Table 20Summary of strength of evidence of efficacy, by drug and condition

– generalized anxiety disorder-++--
– social phobia+-
Attention Deficit/Hyperactivity Disorder
-no co-occurring disorders+
Attention Deficit/Hyperactivity Disorder
-bipolar children-
Attention Deficit/Hyperactivity Disorder
-mentally retarded children+
Dementia overall++++++
Dementia psychosis++-+-++
Dementia agitation++++-++
-MDD augmentation of SSRI / SNRI Image resultsfu1.jpg Image resultsfu2.jpg Image resultsfu3.jpg+++
-MDD: Monotherapy-++
Eating Disorders---
Obsessive Compulsive Disorder
-augmentation of SSRI+--++-
Obsessive Compulsive Disorder
-augmentation of citalopram++
Personality Disorder
Personality Disorder
Post Traumatic Stress Disorder+-+++
Substance Abuse alcohol----
Substance Abuse cocaine--
Substance Abuse methamphetamine-
Substance Abuse methadone clients-
Tourette's Syndrome+-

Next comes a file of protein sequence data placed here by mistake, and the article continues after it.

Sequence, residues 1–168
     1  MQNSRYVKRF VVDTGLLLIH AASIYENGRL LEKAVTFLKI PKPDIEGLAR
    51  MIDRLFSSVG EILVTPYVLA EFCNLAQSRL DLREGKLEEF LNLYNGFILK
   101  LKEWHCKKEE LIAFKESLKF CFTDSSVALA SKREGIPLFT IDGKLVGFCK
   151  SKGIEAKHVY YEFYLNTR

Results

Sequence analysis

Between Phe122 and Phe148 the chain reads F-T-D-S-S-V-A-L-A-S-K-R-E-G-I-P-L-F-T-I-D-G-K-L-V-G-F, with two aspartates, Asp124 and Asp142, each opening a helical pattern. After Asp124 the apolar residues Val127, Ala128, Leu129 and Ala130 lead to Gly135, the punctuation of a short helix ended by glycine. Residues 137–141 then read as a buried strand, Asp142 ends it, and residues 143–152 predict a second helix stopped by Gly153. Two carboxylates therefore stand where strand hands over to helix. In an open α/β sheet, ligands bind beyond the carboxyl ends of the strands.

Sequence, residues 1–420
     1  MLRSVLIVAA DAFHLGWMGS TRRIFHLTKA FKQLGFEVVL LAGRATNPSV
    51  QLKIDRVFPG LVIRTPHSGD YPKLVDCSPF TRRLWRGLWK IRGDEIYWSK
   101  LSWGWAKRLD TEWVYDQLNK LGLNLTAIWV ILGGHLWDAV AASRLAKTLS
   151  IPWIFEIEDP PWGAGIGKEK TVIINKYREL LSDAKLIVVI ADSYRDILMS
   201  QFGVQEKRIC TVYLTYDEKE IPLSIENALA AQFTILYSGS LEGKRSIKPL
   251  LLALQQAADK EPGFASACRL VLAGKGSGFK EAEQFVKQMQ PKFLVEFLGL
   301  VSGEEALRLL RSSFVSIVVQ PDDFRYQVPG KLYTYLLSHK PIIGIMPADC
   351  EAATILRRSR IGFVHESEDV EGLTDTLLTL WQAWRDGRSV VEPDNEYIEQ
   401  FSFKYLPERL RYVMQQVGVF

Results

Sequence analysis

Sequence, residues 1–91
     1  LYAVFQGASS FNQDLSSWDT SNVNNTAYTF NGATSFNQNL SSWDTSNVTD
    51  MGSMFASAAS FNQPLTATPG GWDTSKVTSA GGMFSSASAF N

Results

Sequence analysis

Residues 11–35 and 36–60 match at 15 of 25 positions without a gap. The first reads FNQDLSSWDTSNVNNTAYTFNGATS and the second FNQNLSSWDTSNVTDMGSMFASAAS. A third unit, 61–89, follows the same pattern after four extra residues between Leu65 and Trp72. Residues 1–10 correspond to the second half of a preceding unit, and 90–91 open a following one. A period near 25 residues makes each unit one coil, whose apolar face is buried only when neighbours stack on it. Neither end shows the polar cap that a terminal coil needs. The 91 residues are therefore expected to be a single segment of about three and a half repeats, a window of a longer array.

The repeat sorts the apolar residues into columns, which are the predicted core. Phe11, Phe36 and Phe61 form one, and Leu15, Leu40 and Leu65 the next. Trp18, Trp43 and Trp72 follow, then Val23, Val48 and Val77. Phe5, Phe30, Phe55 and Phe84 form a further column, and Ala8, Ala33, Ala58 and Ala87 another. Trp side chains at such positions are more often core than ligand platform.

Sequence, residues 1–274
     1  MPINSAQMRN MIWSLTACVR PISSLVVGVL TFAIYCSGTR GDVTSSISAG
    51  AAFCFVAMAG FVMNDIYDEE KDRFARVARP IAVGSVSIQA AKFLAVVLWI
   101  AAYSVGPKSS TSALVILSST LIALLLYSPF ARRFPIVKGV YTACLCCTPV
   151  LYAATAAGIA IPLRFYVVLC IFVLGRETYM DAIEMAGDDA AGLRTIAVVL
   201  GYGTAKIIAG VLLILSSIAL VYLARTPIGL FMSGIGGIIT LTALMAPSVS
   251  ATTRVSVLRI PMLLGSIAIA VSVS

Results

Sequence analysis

Image resultsfu4.jpg moderate or high evidence of efficacy

Image resultsfu5.jpg low or very low evidence of efficacy

Image resultsfu6.jpg mixed results

Image resultsfu7.jpg low or very low evidence of inefficacy

Image resultsfu8.jpgmoderate or high evidence of inefficacy

○ : no trials

Image resultsfu9.jpg: Approved by FDA for the indication

MDD = major depressive disorder; SNRI = serotonin-norepinephrine reuptake inhibitor; SSRI = selective serotonin reuptake inhibitor

Note: Symbols denote strength of evidence, not size of potential effect. For example in dementia “++” indicates moderate-to-high strength of evidence that there is a beneficial effect, however the size of the effect is small.

From: Results

Cover of Off-Label Use of Atypical Antipsychotics: An Update
Off-Label Use of Atypical Antipsychotics: An Update [Internet].
Comparative Effectiveness Reviews, No. 43.
Maglione M, Maher AR, Hu J, et al.

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